Dr. Scott W. Tinker

Department of Geology and Geological Engineering
Van Tuyl Lecture Series- Fall 2014
4:00-5:00 p.m. in Berthoud Hall Room 241
Thursday, November 13, 2014
Dr. Scott W. Tinker
Director, Bureau of Economic Geology & State Geologist of Texas
Professor, Allday Endowed Chair of Subsurface Geology
John A. and Katherine G. Jackson School of Geosciences
University of Texas at Austin
“Energy Generation(s) A 60-Year Perspective”
Abstract: When Bob Weimer, Frank Sonnenberg, and Tom Tinker were beginning their
geologic careers in the 1950’s, coal was coming off its reign as the dominant global fuel
and oil was on the rise. Thirty years later, when Paul Weimer, Steve Sonnenberg, and I
were in the early phases of our careers, oil was at its global peak, satisfying nearly 50%
of the total global energy demand. As you begin your careers, oil has fallen to below
35% of demand, coal remains important, and natural gas is rising to become the
dominant fuel of the 21st century. Together, fossil fuels represent over 85% of the
global energy mix today.
As conventional oil and natural gas production decline, production from
unconventional reservoirs, led by shale gas and shale oil, will represent a growing
component of the oil and natural gas mix. Unconventional reservoirs—which require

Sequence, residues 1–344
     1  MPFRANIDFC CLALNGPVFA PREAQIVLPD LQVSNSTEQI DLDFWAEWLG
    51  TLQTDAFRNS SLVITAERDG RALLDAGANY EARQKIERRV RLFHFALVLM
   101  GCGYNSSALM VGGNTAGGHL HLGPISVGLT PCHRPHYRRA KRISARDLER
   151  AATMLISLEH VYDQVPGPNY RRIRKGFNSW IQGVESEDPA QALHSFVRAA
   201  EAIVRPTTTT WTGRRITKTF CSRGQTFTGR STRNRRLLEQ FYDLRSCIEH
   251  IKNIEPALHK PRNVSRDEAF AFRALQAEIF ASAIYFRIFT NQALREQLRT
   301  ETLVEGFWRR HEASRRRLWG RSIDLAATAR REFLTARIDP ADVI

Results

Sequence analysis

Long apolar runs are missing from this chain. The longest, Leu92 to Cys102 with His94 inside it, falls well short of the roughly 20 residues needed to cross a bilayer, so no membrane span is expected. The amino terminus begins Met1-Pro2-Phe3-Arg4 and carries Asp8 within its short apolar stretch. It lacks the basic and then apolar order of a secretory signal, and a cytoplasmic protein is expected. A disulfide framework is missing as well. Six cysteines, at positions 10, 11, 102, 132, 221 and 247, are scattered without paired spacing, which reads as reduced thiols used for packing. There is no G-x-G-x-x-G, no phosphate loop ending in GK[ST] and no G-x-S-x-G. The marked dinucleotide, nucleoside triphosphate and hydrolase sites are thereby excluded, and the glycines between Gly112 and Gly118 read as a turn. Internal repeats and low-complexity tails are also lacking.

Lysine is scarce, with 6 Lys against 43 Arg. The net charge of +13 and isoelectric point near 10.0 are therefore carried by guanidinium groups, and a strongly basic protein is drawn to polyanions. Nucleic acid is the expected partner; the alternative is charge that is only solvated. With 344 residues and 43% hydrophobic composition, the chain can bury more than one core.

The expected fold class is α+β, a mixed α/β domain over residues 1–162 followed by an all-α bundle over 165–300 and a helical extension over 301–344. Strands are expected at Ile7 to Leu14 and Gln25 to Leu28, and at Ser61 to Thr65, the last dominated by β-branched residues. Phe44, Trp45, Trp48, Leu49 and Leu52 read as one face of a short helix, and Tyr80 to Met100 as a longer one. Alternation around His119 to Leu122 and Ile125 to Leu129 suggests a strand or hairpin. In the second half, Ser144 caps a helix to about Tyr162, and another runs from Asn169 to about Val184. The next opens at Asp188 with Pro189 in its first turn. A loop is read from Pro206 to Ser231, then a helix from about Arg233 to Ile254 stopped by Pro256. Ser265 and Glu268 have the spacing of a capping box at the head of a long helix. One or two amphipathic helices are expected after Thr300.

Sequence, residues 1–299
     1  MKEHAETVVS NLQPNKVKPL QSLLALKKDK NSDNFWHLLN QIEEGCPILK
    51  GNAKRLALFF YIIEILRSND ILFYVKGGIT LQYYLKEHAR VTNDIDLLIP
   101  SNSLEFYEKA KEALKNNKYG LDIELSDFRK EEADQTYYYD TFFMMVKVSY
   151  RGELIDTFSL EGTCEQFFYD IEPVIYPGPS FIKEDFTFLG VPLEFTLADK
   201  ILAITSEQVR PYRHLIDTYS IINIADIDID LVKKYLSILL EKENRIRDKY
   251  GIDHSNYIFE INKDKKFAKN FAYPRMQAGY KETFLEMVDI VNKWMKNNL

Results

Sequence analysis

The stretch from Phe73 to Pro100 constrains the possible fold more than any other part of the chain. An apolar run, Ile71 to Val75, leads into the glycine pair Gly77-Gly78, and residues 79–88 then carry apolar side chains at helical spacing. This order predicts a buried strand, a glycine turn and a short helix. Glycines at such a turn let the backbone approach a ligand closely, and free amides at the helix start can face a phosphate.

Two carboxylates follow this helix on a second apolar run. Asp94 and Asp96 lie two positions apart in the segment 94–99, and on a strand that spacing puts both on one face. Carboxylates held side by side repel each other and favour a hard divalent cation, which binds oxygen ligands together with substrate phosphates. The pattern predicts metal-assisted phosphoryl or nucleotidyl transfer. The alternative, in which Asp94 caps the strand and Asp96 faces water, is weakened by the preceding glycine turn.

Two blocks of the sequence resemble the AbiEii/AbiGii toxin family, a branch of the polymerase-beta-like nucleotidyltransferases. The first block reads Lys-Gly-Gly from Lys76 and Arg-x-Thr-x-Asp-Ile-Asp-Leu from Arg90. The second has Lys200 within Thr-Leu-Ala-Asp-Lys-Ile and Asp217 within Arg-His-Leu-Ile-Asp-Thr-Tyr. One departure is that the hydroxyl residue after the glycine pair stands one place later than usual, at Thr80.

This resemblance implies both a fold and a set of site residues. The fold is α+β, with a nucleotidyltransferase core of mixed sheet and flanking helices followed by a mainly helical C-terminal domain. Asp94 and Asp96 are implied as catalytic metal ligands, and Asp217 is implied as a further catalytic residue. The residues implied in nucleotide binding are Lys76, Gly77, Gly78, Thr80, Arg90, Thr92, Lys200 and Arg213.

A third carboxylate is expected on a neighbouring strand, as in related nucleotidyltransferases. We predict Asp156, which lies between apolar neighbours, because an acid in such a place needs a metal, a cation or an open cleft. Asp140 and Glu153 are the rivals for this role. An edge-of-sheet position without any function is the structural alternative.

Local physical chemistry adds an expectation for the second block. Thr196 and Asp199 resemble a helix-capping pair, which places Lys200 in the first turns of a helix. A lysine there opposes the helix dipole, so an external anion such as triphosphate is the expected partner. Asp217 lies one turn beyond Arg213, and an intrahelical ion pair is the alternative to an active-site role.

technologies such as hydraulic fracturing, horizontal drilling, geosteering, smart
proppants, and advanced seismic imaging—could not have been developed
economically 30 years ago. And when Bob Weimer, Frank Sonnenberg, and Tom Tinker
were in their early careers, horizontal wells happened when the driller lost control of
the well, and downhole fracturing involved nitroglycerin! My, how technology has
What does the future of energy hold? The truth is, no one knows for sure, but there are
parameters that have guided the historical energy mix and will likely influence the
future. These include affordability, availability, reliability, and environmental
sustainability—the tenets of energy security. Because no form of energy is perfect,
diverse energy portfolios are common and, in fact, make sense. And although the
energy mix is driven mostly by security, government policy and regulatory rules can
have an impact. Thus it is vital for thoughtful people from industry, government,
academia, and NGO’s to seek objective and reliable information, and to be willing to
leave their corners and work together to educate the public and develop and deliver
balanced energy solutions.
Students, we are in your hands now. Be thoughtful. Be unbiased. Be educated. The
future is yours!

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